“But the youth are also at the crossroads of the local and the global in this society in transition, and migration, both in perception and in actual terms, weakens the control of community authority,” writes Vasan. This is what creates further anxiety in local communities.
It’s no surprise that many families in Ladakh, at least those who can afford it, send their children away to cities like Delhi and Chandigarh for their education, while Srinagar and Jammu are less-expensive options, considering the quality of school or college education back home.
Children from families that can’t afford to send them outside tend to either drop out of school or college and instead get into the tourism business or join up with the Ladakh Scouts regiment.
Divisions between those who leave Ladakh, and others who can’t, play along class lines. When youngsters come back to Leh for their holidays, it evokes a wide variety of reactions among those who could not. Some view them as role models, but others express their displeasure over what they perceive as arrogance while expressing their sense of cultural superiority.
“Kids (studying outside Ladakh) are forgetting their culture. Many don’t even speak Ladakhi. Why are they ashamed to express their tradition? This is unfortunate,” says a prominent Buddhist community leader.
This sort of a reaction isn’t limited to those without the opportunity to study or work outside Ladakh, but even people who’ve been back home for years.
“Although Delhi was great fun, there are a lot of factors working against you. A hostile work environment for a woman, the people, and the high cost of living were just some of the factors that worked against me,” says Stanzin Dolma. Even though her new business venture back home doesn’t generate the same amount of income, Dolma believes life is a little easier.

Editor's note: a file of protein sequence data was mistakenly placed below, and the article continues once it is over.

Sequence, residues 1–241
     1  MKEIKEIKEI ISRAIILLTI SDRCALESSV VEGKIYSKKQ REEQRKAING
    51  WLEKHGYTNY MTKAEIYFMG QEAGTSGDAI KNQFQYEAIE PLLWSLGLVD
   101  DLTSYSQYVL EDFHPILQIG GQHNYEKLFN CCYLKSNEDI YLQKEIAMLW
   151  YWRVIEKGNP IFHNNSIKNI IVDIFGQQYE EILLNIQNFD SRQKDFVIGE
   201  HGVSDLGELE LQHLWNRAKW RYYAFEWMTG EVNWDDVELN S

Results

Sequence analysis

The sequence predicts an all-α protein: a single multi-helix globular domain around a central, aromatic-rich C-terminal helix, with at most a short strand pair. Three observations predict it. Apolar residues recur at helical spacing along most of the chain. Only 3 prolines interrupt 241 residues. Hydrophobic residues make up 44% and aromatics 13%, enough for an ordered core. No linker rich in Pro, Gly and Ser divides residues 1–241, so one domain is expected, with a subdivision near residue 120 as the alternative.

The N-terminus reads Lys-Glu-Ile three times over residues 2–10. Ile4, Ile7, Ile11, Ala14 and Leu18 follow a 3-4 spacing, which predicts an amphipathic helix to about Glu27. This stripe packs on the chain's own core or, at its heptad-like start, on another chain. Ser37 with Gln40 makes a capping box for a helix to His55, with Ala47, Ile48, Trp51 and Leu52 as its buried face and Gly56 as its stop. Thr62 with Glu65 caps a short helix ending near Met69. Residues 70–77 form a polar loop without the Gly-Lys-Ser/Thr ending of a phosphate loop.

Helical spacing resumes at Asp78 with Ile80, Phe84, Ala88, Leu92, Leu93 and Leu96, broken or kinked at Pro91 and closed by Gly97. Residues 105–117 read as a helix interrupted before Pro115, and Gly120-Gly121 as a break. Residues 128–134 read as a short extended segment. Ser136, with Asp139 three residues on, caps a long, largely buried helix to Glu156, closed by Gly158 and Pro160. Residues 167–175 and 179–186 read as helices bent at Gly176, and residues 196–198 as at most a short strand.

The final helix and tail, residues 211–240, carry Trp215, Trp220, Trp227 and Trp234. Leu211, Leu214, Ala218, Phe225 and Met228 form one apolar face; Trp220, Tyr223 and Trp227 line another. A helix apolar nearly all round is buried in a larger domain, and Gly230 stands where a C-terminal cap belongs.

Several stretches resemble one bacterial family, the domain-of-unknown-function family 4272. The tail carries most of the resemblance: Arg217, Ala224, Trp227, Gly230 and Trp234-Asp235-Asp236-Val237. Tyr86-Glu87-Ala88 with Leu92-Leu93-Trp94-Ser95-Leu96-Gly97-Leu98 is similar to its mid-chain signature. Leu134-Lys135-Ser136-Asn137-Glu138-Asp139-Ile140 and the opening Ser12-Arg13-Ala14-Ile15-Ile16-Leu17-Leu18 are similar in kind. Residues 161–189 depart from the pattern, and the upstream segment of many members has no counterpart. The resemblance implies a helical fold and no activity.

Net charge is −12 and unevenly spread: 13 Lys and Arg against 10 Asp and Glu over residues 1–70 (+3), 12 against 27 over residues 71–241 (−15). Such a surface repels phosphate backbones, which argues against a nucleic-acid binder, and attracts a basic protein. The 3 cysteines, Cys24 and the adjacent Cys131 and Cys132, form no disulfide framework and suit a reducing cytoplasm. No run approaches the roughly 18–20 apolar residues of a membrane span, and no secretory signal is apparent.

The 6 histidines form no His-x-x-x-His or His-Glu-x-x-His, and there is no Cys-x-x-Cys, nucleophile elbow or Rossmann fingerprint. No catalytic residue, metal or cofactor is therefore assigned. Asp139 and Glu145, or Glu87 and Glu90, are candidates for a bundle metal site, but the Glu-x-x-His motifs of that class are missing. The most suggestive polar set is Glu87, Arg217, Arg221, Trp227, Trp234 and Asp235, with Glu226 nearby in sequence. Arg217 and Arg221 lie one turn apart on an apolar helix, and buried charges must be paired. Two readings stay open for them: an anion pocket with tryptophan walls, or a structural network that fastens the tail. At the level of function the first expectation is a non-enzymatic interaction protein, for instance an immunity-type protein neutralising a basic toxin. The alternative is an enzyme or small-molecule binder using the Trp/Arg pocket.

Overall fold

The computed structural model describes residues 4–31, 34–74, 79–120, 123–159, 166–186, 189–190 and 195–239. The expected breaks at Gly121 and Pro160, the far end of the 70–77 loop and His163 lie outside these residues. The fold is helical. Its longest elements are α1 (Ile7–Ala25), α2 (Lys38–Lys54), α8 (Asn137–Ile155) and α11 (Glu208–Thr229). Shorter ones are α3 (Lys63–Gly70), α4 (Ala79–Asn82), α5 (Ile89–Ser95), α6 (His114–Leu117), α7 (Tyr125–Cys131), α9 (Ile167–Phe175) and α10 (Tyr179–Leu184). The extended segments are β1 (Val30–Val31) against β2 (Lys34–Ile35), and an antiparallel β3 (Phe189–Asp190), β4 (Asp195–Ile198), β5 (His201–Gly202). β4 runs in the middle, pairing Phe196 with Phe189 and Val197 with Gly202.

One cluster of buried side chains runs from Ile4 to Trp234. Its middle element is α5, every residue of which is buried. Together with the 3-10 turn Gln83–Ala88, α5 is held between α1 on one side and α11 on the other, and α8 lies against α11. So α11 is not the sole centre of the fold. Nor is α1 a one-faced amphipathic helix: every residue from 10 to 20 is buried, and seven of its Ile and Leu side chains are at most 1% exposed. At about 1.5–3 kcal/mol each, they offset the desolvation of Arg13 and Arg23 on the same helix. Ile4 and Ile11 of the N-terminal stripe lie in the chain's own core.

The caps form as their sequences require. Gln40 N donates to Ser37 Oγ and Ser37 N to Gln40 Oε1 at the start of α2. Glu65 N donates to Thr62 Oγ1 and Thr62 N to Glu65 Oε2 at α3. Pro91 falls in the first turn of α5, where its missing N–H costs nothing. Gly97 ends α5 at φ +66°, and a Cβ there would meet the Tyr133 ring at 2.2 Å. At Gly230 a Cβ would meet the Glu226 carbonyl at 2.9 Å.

“However, I feel a real sense of disconnect with people back home. I speak the language with a certain accent, and people tend to judge me for it. There is little that binds me to my people back home,” Dolma adds.
What makes this problem rather more acute is the feeling of dislocation and alienation in Indian cities. Young Ladakhis feel a sense of belonging to both India and their unique cultural and ethnic identity. In the major Indian cities, however, both these sensibilities are affronted.
“Many mainlanders cannot even tell the difference between someone from the Northeast and Ladakh. For them, we look the same. It’s not rocket science that we end up hanging out with them. We are both minorities in this city, and tend to stick up for each other,” says Nafisa Sheikh, a recent graduate of Delhi University.
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Thanks to the rapid advancement of tourism, the internet and greater cultural engagement, this perception is slowly changing.
Nonetheless, the fact remains that people from Ladakh have a markedly different relationship with the Indian state than those from the Northeast, and that reflects in their identity.
However, more Ladakhis are slowly starting to move out and exploring the contours of this country. The rapid growth of the tourism industry has significantly changed this dynamic.